Reviewed – 9th October 2019
“a strong piece of writing from Robert Bingham”
Hot on the heels of ‘Bipolar Me’, Etcetera Theatre have put on another play focussing on mental health, this being a new piece of writing performed by new company JB Theatre.
Seemingly normal chap Simon, lashes out at a female friend of his, breaking her jaw. He ends up in a police cell and despite being discharged, refuses to leave. An unconventional priest comes in to counsel Simon, help him confront his demons and try to get to the bottom of why he is continually being confronted by ghostly figures.
A fairly basic set consisting of a table, two chairs and a couple of stools did the job, lighting was fine with occasional nice little flourishes and music was well chosen. I did feel that each music cue was sliced off, a gentle fade would have been so much easier on the ear.
The play starts with priest Cade (Robert Bingham) reading aloud a devastating diagnosis that he had received from the hospital. This scene stayed with me throughout and as he used a series of bizarre tactics to counsel Simon, you wondered just what demons he was facing himself. Simon (Ben Felton) gives a very strong performance. He is wholly invested in his character, although never specified, he is clearly dealing with PTSD and the stillness and strength of his voice somehow makes his vulnerability particularly heart-breaking. An early scene when he attempts to escape his demons through dance, is particularly effective. Cade is a fascinating character, certainly not like any priest I’ve ever seen. The actor clearly has fun with him, there are some nice moments of humour and although he is possibly slightly overplayed, that opening scene keeps coming back to validate his behaviour. Callie (Katherine Lea) completes the cast, underwritten a little in my opinion, her downstage reading of a letter she had written to Simon is beautifully performed. I did however have an issue with her ripped jeans. In fashion, sure, but whenever the actress doubled as one of the demons, despite the fact that her face was hidden, you saw the ripped jeans and just thought, ‘that’s Cally!’ A simple pair of black trousers would have helped the illusion. A nice little hinted at love story between Simon and Cally, I hope her boyfriend Dan is given the boot.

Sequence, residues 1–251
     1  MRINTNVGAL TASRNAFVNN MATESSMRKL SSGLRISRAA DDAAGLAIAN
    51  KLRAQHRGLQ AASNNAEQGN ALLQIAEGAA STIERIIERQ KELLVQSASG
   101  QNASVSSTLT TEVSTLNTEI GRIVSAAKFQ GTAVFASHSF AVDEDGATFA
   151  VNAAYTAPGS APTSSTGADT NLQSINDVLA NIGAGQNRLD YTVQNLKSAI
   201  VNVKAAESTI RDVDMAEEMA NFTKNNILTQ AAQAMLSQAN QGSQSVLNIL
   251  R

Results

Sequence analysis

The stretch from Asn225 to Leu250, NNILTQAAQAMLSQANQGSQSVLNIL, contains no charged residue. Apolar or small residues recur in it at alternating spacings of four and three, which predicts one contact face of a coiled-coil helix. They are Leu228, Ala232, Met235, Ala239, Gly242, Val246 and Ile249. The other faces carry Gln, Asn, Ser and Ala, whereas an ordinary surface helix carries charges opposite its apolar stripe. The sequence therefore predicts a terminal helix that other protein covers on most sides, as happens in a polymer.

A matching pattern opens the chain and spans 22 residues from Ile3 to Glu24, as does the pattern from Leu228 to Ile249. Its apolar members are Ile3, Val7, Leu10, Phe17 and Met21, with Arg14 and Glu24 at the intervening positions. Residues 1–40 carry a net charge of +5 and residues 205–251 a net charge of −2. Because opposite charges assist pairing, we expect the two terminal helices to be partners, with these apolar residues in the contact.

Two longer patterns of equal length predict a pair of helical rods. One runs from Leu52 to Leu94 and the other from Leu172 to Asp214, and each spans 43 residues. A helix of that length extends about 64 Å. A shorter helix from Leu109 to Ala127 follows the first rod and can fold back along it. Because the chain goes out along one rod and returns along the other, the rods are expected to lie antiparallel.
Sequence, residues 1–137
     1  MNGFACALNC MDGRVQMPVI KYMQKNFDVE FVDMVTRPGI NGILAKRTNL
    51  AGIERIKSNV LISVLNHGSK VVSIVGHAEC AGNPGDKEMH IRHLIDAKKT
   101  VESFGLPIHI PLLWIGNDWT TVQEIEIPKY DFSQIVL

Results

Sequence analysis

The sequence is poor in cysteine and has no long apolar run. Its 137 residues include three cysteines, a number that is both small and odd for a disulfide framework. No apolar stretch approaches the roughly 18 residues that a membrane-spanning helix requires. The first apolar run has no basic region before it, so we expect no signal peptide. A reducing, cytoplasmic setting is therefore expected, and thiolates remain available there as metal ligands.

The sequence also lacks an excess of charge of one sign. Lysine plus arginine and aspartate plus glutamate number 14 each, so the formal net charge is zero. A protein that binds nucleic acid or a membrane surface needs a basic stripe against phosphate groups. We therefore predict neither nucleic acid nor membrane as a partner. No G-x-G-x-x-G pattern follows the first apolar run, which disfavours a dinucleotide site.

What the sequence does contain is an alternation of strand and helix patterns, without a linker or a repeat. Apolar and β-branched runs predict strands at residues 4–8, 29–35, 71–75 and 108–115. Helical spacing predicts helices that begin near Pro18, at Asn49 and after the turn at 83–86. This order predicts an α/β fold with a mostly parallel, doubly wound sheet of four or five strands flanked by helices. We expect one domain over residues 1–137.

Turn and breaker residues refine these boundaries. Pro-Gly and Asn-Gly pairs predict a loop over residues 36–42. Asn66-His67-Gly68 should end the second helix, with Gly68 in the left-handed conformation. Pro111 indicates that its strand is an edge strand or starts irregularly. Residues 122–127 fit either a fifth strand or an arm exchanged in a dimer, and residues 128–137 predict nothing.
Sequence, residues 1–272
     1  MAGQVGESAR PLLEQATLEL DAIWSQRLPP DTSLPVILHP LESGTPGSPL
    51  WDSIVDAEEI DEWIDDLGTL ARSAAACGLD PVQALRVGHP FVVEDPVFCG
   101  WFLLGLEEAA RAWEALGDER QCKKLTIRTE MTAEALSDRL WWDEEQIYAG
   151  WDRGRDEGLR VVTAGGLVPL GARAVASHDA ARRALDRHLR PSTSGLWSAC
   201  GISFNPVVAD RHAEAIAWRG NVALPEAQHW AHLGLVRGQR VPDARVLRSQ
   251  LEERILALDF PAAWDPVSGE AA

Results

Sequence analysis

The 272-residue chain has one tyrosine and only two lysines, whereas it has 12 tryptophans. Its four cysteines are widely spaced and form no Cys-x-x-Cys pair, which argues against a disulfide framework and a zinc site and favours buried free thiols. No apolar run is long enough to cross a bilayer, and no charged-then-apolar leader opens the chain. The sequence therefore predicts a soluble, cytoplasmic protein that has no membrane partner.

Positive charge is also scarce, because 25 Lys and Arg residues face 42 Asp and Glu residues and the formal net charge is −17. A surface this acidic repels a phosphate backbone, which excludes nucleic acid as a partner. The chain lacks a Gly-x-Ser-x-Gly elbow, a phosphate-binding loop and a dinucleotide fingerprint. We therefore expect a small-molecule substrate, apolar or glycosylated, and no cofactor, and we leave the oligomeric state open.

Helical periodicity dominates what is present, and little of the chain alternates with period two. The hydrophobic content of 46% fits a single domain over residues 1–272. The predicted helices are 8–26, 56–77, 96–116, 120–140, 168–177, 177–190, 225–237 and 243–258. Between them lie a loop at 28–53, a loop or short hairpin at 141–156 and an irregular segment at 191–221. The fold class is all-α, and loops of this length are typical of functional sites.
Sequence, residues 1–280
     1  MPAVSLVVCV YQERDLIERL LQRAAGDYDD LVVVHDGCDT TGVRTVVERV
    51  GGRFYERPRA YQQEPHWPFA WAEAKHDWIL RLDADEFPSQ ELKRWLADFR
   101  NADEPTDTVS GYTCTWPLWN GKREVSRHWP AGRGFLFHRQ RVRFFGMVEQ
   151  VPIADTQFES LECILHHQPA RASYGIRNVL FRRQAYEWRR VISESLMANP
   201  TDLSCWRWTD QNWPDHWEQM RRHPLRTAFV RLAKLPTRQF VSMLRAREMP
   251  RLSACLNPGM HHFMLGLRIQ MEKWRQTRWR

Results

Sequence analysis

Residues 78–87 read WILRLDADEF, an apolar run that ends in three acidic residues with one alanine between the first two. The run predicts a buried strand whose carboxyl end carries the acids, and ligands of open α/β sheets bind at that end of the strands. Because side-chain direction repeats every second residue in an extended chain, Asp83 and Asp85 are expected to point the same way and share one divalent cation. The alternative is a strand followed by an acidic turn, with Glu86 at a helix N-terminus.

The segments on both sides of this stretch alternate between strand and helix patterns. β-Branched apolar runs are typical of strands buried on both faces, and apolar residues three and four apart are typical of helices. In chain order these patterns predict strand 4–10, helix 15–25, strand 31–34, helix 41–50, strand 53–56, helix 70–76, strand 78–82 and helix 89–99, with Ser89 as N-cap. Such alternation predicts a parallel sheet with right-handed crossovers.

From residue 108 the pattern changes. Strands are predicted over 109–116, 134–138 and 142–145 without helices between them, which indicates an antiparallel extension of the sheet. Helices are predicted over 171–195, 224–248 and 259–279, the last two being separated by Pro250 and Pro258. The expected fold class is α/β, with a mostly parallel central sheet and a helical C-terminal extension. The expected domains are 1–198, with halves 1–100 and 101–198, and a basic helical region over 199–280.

It becomes apparent that personal tragedy from Simon’s early family life is haunting him, now the earlier mentioned health issue is haunting Cade. When Simon asks Cade “Will I will ever see you again?” and Cade waits a beat and answers “It’s unlikely”, it cut through me like a knife.
This is a strong piece of writing from Robert Bingham, the closing scene with a brilliant light fade, is really impactful. Thought provoking stuff with an interesting twist, I left the theatre wondering who had been counselling whom. I hope that JB Theatre go from strength to strength, they have a play here ideal for the festival circuit.
We all have our own personal demons, as I headed for the Northern line, I couldn’t help looking over my shoulder to see if there was a cloaked figure following me.
Reviewed by Chris White
Etcetera Theatre until 12th October
Previously reviewed at this venue:
The Wasp | ★★★½ | June 2019
Past Perfect | ★★★★ | July 2019
Vice | ★★½ | July 2019
Before I Am Lost | ★★ | August 2019
Belamour | ★★★★ | August 2019
Puttana | ★★★ | August 2019
The Parentheticals: Improdyssey | ★★★★ | August 2019
Unlovable | ★★★ | August 2019
Women On The Edge | ★★★ | August 2019
Bipolar Me | ★★★ | October 2019
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